Nvidia argues it should be allowed to buy Arm because Intel and AMD are really, really good

ARM and Nvidia logos
(Image credit: Nvidia)

You might think Nvidia, Intel, and AMD are all at each other's throats, and if you look to their marketing, well, you'd be correct in thinking that most of the time. But they're also companies that rely on each other's tech a whole lot, especially when it comes to complementary devices, such as gaming laptops, and even supercomputers.

Look to CES 2022 and you'll find plenty of laptops brandishing an AMD CPU alongside an Nvidia GPU, or an Intel CPU with an Nvidia GPU. Maybe even the odd AMD GPU in the mix as well. But what's especially fascinating is how Nvidia's referencing this complementary relationship as one reason why it should be allowed to buy UK-based chipmaker Arm for $40 billion.

One of the main concerns raised against Nvidia's Arm deal is that it would be damaging to competition in chipmaking and design. What is referred to as the "ability to foreclose competition" in a recent Nvidia and Arm document published to the UK Government website

In some ways, that means the Nvidia and Arm deal is scrutinised for its ability to impact Nvidia's main competitors, Intel and AMD. And that's where things get interesting for us PC gamers, and surprisingly complementary for Nvidia's rivals.

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"The Decision disparages Intel, AMD, and hundreds of RISC-V supporters as forever unable to compete with Arm," the argument reads.

"No industry observer can seriously contend that Intel, AMD, and Arm’s other competitors are so incapable that they cannot even compete with Arm. Intel and AMD are the industry leaders, not also-rans. Nvidia has chosen x86 for its DGX and its supercomputers for good reason. Intel and AMD’s CPUs are not going anywhere, and they will compete with Arm for the foreseeable future."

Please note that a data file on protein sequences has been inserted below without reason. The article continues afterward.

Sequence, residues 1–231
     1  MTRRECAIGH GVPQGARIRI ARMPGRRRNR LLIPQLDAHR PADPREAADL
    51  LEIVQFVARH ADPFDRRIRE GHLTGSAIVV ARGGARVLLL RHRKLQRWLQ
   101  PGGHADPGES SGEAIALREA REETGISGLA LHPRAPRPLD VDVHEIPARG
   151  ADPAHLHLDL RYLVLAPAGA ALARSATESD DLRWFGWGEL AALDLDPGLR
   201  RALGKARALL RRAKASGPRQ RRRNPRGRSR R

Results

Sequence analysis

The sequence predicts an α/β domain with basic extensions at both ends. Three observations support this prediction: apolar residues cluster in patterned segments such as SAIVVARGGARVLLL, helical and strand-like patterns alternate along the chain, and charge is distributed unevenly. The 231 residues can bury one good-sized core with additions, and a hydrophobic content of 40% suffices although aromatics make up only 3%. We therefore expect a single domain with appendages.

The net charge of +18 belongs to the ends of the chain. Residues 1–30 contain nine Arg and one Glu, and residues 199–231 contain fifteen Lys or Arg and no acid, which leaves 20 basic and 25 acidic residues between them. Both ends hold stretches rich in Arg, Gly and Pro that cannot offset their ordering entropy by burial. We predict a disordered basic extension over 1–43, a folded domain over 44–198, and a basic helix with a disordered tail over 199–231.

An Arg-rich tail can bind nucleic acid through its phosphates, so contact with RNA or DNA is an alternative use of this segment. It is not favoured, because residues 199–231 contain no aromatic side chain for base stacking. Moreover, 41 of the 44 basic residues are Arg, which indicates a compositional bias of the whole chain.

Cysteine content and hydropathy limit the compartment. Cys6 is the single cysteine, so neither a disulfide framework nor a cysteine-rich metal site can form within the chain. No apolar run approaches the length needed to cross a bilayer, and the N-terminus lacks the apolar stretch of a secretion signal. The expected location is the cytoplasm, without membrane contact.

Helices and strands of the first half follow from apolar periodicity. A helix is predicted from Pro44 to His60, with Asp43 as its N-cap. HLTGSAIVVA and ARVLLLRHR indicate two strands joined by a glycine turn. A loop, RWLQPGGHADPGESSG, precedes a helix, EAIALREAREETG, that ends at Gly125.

Nvidia does rely on AMD's x86 products for quite a few of its own, as it requires high performance CPU power and AMD's EPYC chips deliver it. Both companies rule the x86 roost, and it really would take some serious processor power, be that from Arm-based devices or otherwise, to budge them from it. It's still just so odd to see Nvidia so complementary on paper.

Within their arguments, Nvidia and Arm also highlight how especially significant Intel's influence is, and explain how there's no way it's taking down Intel easily even with their combined strength. They also offer some stern words to those looking to Nvidia's competitors for their opinion on the Nvidia-Arm deal, and you wouldn't expect any less. 

"Antitrust law preserves competition—it does not empower customers and competitors with veto rights over acquisitions."

Quite a thought from Jen-Hsun Huang's side on AMD and Intel, then, but one that Nvidia needs to make in earnest to have a chance of finalising its Arm purchase. The company is facing serious opposition to its Arm deal, and proving its combined mass wouldn't be of such danger to competition is key to Nvidia and Arm's eventual togetherness, should it ever come to pass.

Jacob Ridley
Senior Hardware Editor

Jacob earned his first byline writing for his own tech blog. From there, he graduated to professionally breaking things as hardware writer at PCGamesN, and would go on to run the team as hardware editor. Since then he's joined PC Gamer's top staff as senior hardware editor, where he spends his days reporting on the latest developments in the technology and gaming industries and testing the newest PC components.